These surveys have a few things in common. Other than Gravis Marketing, which doesn’t poll the race on a set schedule, they’re all daily or weekly tracking polls. Also, they were all conducted online, via automated calls (“robopolls”) or through some combination thereof; there are no traditional telephone polls in the bunch.
And they seem to tell a consistent story about where the race stands. All of them have Clinton up by about 5 percentage points, give or take a percentage point or two.
That’s not bad for Clinton, but it might seem to suggest that her lead over Trump has abated. A week or so ago, we were seeing leads for Clinton in the mid- to high single digits, with occasional forays into the double digits. Overall, she seemed to be ahead by 7 to 8 percentage points.
So what’s changed? Is Clinton’s convention bounce finally wearing off? Actually, pretty much nothing has changed, according to these polls. Because while we were seeing our fair share of 8- and 10-point leads for Clinton, we generally weren’t seeing them from this group of pollsters, which are (with a couple of exceptions) a Trump-leaning bunch.
Instead, these polls have been steady, at least on average. The table below compares each poll’s most recent result to its previous edition, as well as to each poll’s long-term average (that is, to the average of every previous edition of the survey going back to November 2015). On average, the most recent edition of these surveys shows Clinton up by 4.8 percentage points. But the previous editions showed her up by an average of 4.5 percentage points, so there’s been essentially no change.
||USC Dornsife/LA Times
Recent national polls show a steady race, on average
If you exclude Gravis Marketing, which hadn’t previously polled the race since the Democratic convention, Clinton’s lead has gone from 5.4 percentage points to 4.7 percentage points, also not a meaningful shift.
Comparing each poll’s most recent result to its long-term average is also instructive. Clinton’s current lead of 4.8 percentage points in these polls is more impressive given that they’ve had her ahead by only 2.4 percentage points on average over the course of the year. By comparison, Clinton’s average lead across all national polls dating back to Nov. 2015 has been about 5 percentage points. In other words, these polls have been a Trump-leaning group — they’ve had a pro-Trump house effect of 2 to 3 percentage points. So their showing of Clinton with a lead of about 5 percentage points is consistent with her being ahead by 7 to 8 points overall.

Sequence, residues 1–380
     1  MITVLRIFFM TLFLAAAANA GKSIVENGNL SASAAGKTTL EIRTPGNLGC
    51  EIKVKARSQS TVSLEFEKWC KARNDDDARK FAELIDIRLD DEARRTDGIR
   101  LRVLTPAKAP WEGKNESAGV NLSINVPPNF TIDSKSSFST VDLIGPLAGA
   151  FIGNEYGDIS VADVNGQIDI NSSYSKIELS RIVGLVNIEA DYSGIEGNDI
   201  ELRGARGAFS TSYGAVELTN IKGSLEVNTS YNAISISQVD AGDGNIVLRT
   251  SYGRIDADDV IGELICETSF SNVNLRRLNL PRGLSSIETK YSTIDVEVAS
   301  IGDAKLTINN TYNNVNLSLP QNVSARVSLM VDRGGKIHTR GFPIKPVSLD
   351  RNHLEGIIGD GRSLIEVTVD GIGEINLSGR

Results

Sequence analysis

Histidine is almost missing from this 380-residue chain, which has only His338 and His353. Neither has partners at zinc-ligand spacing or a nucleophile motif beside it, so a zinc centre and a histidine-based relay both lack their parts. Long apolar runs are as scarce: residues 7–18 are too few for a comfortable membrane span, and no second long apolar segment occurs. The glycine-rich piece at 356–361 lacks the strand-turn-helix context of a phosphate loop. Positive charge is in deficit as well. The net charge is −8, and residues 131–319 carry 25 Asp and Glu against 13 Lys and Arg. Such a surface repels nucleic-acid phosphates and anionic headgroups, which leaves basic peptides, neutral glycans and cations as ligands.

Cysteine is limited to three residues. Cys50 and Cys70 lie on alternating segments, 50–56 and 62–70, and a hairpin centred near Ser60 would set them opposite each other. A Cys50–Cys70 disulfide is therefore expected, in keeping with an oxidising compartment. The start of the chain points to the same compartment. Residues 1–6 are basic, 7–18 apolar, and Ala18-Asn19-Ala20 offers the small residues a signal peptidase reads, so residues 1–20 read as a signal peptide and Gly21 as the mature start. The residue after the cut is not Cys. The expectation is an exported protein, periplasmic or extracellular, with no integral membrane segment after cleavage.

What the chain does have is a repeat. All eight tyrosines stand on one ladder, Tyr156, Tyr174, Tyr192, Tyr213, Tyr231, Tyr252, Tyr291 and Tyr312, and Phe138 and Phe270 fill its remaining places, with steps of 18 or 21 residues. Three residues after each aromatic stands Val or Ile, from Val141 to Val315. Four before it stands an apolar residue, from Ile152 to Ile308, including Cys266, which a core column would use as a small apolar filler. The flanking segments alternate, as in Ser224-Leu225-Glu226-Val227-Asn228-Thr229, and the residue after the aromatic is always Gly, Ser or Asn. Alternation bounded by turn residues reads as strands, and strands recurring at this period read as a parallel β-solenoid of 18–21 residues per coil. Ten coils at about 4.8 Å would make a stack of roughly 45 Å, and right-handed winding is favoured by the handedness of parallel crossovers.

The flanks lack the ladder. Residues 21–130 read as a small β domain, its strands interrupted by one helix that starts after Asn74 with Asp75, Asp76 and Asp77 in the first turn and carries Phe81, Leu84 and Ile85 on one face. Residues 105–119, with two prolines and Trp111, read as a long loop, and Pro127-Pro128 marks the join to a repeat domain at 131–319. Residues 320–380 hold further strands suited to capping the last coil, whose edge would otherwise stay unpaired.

I’m going through this somewhat tedious explanation because it’s basically how FiveThirtyEight’s forecast models calculate their trend line adjustment, which works by comparing polls against previous editions of the same surveys. The idea here is simple. If Trump is gaining ground on Clinton overall, we ought to see him gaining ground in individual polls (including state polls, which are also used to calculate the trend line adjustment). But he isn’t gaining on Clinton, mostly. In polls that had previously surveyed the race since the conventions, Trump is up a point or so in some polls and down a point or so in others — the overall trend is about flat. And in polls that are taking a post-convention snapshot for the first time, Clinton is generally polling better than she did before the conventions. Thus, our polls-only model continues to show Clinton ahead by around 8 percentage points. And it gives her an 89 percent chance of winning, close to where she’s been over the past week.
Still, I’m not quite ready to declare that Clinton’s lead is completely convention bounce free and that we’ve reached a new equilibrium in the race. That’s because I’d like to see another round of high-quality, traditional telephone polls — for instance, the NBC News/Wall Street Journal poll or the ABC News/Washington Post poll. Those polls generally showed excellent results for Clinton just after the conventions, with a larger bounce than some of the tracking polls had. But none of them have surveyed the race twice since the conventions, to give us a sense for whether Clinton’s bounce is holding. This more conservative attitude is closer to the one our polls-plus model takes, which still assumes the race is more likely than not to tighten. It shows mildly brighter prospects for Trump, giving him a 22 percent chance of winning.